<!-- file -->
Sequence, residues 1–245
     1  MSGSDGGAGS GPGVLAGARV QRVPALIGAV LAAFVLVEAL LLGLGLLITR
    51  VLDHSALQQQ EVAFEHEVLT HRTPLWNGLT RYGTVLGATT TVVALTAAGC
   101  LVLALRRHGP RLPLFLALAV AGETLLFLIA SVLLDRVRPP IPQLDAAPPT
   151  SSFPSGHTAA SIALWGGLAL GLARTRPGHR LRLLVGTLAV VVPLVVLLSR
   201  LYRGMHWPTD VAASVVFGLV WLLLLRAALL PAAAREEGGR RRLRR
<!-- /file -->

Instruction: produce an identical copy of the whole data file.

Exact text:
Sequence, residues 1–245
     1  MSGSDGGAGS GPGVLAGARV QRVPALIGAV LAAFVLVEAL LLGLGLLITR
    51  VLDHSALQQQ EVAFEHEVLT HRTPLWNGLT RYGTVLGATT TVVALTAAGC
   101  LVLALRRHGP RLPLFLALAV AGETLLFLIA SVLLDRVRPP IPQLDAAPPT
   151  SSFPSGHTAA SIALWGGLAL GLARTRPGHR LRLLVGTLAV VVPLVVLLSR
   201  LYRGMHWPTD VAASVVFGLV WLLLLRAALL PAAAREEGGR RRLRR